In search of a new home renovation project and more space, architect Lisa Breeze and her husband bought a period home in Melbourne’s Northcote in 2019.
The double-fronted Victorian cottage was located on a small site in a dense street, with unremarkable interiors and a poorly built extension. ‘It was liveable, but not great,’ says Lisa.
The architect sought to neaten up the period facade, retain the original rooms at the front, and replace the existing extension. They brought in builders Never Stop Group who were up for the challenge.
While Lisa’s husband was keen to renovate, he was generally happy for Lisa to guide the project, which was both a blessing and a curse! ‘My husband was enthusiastic about the whole endeavour but impartial to the details, leaving things open for me to test and explore design ideas,’ Lisa explains. ‘The downside to this was that there was no real feedback, the upside is that the process could unfold quite a bit faster than usual!’
As the home is built to the boundary on both sides, it essentially functions like a terrace. ‘This makes access to light, air, and circulation, plus simply fitting everything in, quite tricky,’ says Lisa. To overcome this, in the new extension she created a more open living area; converted the previous meals area into a third bedroom; and turned the previous living space into a bathroom, powder room and laundry. Meanwhile, at the front of the house, all rooms under the old roof were retained, to maintain the integrity of the old cottage.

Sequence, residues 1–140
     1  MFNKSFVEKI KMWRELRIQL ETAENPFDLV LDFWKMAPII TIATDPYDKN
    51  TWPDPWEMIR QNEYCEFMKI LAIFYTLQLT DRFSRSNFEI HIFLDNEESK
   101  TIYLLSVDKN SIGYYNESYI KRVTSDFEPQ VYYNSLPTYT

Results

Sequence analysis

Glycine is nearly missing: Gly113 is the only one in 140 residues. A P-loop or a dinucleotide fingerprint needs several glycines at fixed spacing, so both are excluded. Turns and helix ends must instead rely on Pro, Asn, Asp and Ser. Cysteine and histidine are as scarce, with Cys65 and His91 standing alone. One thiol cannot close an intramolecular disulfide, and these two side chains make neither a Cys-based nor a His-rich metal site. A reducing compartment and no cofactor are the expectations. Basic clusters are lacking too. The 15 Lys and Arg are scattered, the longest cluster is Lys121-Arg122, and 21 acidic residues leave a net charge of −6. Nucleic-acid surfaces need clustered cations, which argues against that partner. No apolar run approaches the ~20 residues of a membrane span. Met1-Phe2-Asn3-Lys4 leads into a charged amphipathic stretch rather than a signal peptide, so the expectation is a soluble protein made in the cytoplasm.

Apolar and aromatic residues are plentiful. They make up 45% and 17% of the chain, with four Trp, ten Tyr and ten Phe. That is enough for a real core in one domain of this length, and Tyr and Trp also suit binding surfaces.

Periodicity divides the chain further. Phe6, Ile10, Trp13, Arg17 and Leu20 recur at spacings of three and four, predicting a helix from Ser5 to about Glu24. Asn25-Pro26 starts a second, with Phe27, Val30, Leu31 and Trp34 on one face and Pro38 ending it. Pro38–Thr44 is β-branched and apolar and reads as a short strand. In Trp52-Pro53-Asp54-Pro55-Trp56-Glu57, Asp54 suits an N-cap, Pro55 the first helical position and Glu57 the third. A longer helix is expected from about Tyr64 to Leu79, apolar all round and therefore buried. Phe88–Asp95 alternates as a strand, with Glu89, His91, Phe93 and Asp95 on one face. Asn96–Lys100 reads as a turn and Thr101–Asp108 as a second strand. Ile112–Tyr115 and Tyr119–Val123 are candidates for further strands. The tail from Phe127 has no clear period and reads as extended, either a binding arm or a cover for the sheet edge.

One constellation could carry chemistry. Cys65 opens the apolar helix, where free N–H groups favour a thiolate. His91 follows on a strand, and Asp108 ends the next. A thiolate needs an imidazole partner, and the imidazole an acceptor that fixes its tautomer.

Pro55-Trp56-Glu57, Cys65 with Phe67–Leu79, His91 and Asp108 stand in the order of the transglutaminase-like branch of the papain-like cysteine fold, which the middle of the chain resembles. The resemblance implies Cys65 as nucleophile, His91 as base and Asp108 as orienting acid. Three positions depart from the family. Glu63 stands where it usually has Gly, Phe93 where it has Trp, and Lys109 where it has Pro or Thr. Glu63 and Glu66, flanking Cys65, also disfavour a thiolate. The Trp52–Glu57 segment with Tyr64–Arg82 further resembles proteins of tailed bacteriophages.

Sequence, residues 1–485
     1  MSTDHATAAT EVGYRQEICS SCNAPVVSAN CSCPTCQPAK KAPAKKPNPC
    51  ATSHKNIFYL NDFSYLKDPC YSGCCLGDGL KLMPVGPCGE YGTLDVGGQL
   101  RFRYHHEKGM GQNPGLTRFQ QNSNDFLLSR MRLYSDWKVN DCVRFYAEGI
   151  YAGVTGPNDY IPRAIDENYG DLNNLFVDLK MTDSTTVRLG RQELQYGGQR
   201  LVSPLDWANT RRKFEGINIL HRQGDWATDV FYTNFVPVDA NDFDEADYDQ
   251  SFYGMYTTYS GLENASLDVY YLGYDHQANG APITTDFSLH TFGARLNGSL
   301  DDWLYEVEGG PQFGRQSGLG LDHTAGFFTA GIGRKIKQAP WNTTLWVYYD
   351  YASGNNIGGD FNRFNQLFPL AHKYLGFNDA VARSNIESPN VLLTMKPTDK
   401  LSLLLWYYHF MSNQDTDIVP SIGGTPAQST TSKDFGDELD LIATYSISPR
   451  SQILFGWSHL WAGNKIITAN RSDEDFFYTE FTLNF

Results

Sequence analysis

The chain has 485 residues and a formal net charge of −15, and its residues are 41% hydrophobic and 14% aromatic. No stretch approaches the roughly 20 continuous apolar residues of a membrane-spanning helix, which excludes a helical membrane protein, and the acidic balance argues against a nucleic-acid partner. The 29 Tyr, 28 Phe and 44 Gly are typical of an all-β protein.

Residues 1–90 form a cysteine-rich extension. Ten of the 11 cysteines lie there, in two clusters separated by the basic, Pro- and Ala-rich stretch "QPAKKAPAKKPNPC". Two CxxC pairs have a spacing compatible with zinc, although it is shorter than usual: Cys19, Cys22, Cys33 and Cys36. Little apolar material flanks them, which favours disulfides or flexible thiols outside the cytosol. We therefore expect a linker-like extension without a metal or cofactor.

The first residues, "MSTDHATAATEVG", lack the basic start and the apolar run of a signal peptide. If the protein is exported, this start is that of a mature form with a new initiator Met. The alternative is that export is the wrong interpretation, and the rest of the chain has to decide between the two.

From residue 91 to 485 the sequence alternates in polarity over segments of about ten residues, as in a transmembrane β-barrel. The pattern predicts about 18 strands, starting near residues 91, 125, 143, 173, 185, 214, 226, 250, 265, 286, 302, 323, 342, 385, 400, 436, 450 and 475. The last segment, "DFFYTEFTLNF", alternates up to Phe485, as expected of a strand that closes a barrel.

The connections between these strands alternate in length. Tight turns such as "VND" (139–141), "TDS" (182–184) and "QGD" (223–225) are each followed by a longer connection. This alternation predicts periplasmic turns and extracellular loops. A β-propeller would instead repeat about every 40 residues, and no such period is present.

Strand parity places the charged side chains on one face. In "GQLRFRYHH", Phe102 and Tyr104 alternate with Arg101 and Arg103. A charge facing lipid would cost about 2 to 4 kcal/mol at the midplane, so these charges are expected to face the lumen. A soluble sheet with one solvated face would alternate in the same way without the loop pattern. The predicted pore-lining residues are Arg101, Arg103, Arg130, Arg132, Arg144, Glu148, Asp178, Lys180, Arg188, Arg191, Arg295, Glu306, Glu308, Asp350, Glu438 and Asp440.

The formerly paved ‘shambolic’ outdoor space was also completely overhauled to feature informal paving and fresh landscaping by Amanda Oliver Gardens.
Inside, the home feels surprisingly bright and contemporary, thanks to a fresh new materials palette including timber floors, terrazzo and ceramic tiles, and a stainless steel kitchen bench (‘It’s indestructible!’ says Lisa) and various shades of blue. ‘The colours are soft and calming throughout: moody in the old part of the home and bright with the natural light in the extension,’ Lisa says.
Everything now fits together in the compact space, creating a relaxed, cosy, and light-filled home for two adults, a baby, and their pets.
‘We can both work at home comfortably at the same time — a feature that was designed into the home before knowing that would become a necessity for how we live and work now’ Lisa explains.
‘The baby has her own space, and as you can see, the pets think it’s pretty great too!’